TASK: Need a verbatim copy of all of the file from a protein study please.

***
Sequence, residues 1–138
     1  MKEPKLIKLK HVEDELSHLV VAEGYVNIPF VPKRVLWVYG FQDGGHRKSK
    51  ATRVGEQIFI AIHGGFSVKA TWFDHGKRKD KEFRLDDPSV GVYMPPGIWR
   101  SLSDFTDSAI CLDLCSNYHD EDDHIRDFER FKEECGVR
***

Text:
Sequence, residues 1–138
     1  MKEPKLIKLK HVEDELSHLV VAEGYVNIPF VPKRVLWVYG FQDGGHRKSK
    51  ATRVGEQIFI AIHGGFSVKA TWFDHGKRKD KEFRLDDPSV GVYMPPGIWR
   101  SLSDFTDSAI CLDLCSNYHD EDDHIRDFER FKEECGVR